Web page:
Applicants are expected to submit a comprehensive study design for a study aimed at: 1) integrating multiple data types including ‘omic, phenotypic, and environmental exposure data; 2) defining molecular profiles; 3) assessing associations with healthy or disease states; 4) detecting patterns of change in profiles and associations; 5) identifying genetic variants, genes, and gene networks involved in disease transitions; and 6) exploring potentially causal relationships that lead to changes in health status.

While each DSS will propose technological and computational analytical protocols for their study, as noted above, data analyses and methods development will be cross-Consortium activities. Applicants should describe how they propose to develop a cross-Consortium approach for biosamples to be collected and ‘omic technologies to be applied, considering, where possible, the unique characteristics of each disease and the capabilities and budget constraints of the OPC(s). They should also describe how they will develop a cross-Consortium approach to computational and statistical analyses with the OPC(s) and DCC to maximize applicability to each disease and ‘omic technology under study. It is expected that applicants will aim to innovate, refine, and utilize novel theoretical concepts, approaches, or instrumentation, as appropriate.

To facilitate this collaborative analysis approach, applicants should plan to focus their first year on developing network-wide protocols for the following key aspects of the work of the Consortium: 1) the community engagement plan, 2) the recruitment strategy including the characteristics of participants and the consent language, 3) the plan for defining, measuring, and collecting core phenotypic and environmental exposure measures and ensuring appropriate quality assurance and quality control, 4) the biospecimen procurement and processing approaches, 5) the types of ‘omics assays, 6) the data analysis methods, 7) common data models, and 8) the plan for sharing data and tools sharing across the Consortium on the AnVIL platform.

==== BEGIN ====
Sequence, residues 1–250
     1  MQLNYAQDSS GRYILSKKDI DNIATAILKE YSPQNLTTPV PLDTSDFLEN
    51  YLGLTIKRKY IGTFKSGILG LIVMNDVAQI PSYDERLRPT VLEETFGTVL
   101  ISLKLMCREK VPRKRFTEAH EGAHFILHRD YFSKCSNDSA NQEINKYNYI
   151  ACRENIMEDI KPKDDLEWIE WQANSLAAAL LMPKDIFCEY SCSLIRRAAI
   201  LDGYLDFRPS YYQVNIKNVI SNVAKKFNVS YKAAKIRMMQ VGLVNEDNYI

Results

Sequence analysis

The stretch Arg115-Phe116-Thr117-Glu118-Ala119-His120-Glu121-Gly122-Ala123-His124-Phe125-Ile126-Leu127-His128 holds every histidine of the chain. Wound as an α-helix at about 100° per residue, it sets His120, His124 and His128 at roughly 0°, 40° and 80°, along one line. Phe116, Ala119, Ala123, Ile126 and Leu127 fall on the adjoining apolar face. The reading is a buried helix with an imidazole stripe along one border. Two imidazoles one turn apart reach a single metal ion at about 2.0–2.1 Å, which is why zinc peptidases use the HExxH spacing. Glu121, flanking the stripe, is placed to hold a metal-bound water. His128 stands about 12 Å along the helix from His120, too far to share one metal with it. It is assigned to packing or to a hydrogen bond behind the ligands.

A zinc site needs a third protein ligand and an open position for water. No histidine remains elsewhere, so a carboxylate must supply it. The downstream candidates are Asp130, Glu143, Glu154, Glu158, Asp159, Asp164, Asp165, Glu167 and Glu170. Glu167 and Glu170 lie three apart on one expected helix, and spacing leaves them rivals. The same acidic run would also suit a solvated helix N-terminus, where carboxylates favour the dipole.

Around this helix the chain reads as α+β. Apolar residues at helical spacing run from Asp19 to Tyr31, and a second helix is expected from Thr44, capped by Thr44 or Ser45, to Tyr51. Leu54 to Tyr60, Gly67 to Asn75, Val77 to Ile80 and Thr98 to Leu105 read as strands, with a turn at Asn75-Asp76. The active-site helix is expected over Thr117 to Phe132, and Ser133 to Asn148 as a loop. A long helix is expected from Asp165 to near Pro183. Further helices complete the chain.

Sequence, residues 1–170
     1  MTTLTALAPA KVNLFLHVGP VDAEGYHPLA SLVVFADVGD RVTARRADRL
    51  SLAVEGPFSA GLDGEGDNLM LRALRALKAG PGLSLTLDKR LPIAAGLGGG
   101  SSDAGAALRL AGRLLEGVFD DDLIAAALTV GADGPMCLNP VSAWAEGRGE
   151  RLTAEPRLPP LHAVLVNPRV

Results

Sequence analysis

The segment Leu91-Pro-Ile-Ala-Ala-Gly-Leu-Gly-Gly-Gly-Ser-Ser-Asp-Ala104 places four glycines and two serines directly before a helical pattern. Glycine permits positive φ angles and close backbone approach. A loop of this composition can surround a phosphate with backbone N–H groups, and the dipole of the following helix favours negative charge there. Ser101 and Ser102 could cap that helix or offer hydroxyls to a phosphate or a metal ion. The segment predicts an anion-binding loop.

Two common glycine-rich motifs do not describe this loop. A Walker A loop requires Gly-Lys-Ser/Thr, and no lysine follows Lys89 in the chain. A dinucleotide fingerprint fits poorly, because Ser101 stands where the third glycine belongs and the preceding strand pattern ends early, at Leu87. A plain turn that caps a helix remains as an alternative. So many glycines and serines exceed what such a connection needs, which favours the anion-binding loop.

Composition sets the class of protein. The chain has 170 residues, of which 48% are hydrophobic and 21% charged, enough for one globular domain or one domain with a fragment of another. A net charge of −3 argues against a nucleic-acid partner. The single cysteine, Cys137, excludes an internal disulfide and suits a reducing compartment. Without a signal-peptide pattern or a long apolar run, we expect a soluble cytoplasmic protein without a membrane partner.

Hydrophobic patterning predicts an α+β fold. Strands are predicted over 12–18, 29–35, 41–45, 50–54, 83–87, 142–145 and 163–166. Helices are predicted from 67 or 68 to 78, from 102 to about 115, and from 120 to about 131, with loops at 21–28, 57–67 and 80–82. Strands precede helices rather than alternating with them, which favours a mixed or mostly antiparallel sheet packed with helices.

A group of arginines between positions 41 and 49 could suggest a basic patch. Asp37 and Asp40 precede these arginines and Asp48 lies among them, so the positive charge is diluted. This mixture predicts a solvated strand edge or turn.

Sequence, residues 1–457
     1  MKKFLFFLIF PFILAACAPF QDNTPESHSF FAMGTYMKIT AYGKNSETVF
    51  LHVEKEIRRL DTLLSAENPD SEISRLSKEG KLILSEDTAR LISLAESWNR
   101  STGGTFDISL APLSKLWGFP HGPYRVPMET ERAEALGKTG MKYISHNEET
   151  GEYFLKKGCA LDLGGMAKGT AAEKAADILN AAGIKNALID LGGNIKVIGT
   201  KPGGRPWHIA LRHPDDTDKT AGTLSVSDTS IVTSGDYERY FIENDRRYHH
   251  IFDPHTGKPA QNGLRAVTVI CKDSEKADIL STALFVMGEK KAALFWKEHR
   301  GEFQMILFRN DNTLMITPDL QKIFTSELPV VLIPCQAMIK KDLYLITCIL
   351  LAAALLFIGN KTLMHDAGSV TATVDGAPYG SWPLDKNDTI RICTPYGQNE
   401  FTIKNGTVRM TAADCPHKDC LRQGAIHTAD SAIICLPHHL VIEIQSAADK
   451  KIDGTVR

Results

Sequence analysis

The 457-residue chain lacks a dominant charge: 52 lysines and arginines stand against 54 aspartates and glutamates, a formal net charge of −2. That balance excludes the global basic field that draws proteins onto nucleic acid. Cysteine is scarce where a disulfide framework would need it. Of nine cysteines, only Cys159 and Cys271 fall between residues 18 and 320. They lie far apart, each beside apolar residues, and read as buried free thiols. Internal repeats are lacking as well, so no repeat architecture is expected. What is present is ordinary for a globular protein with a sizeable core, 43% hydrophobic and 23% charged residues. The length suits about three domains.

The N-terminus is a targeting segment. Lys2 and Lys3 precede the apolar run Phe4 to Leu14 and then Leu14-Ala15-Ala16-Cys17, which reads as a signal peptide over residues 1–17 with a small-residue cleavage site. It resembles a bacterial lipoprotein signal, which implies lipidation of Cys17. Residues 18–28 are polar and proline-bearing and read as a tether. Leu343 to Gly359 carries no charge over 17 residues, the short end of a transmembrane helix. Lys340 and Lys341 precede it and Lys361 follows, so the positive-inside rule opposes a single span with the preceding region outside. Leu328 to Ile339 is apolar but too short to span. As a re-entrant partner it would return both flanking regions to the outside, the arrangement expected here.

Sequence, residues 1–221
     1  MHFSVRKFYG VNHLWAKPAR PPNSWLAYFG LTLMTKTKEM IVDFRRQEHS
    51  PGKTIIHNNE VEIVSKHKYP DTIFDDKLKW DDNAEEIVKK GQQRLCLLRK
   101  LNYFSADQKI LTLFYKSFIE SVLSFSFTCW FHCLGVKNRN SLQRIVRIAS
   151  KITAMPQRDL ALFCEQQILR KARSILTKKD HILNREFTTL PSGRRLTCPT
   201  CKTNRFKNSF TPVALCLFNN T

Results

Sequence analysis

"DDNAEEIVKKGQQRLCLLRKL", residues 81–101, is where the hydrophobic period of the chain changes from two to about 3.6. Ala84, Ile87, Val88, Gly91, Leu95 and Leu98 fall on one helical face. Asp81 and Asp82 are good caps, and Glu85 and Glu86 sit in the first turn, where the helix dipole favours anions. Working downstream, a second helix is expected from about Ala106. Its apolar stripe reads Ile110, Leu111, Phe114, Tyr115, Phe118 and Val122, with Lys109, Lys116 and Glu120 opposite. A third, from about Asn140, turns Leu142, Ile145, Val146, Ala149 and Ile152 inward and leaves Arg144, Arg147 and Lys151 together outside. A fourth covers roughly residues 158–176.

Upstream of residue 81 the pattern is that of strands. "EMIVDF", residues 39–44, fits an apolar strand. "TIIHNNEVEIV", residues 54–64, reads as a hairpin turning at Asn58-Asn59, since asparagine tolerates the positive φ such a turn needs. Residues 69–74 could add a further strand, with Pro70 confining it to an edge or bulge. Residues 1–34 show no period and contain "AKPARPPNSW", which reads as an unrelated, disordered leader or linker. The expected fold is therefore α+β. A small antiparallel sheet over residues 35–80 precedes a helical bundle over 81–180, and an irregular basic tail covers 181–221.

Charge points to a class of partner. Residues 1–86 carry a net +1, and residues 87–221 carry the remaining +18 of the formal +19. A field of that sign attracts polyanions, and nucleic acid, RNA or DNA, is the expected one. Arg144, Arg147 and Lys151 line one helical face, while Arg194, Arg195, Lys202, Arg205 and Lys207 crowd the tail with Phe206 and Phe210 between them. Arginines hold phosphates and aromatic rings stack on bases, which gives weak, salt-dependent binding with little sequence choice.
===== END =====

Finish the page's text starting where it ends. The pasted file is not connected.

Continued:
Applicants should develop a plan for collection of phenotypic, clinical, environmental exposure, including SDOH, from the participants enrolled in the program. Applicants should describe the measures they will use and provide the relevant rationale for their selection, including their relevance to the disease being studied. Applicants should utilize standard measures when available (e.g., PhenX Toolkit). Applicants should describe steps they will take to perform quality assessments and ensure quality control, as well as to ensure all the data conform to the agreed-upon data model. Applicants should describe data security measures and protection of patients' privacy and confidentiality consistent with requirements of the Health Insurance Portability and Accountability Act (HIPAA) and other applicable regulations. This should include precautions taken to ensure removal of personally identifying information (PII), prevention of inadvertent release of data, or identification of participating individuals or groups.

Applicants should describe their ability to recruit a cohort with the following characteristics:

  • Composed of 300 participants; approximately 200 participants with disease and 100 participants free of disease to be contributed to a pooled, Consortium-wide comparator group. Participants without disease should be similar in key demographics and exposures as the participants with disease.
  • Composed of a minimum of 75% individuals from self-identified racial and ethnic communities with genetic ancestries currently underrepresented in genomic research.
  • Recruited within year 2 of the program, to allow baseline analyses to begin and for follow-up measures to be completed in years 3 and 4. See “Estimated Timeline” mentioned above.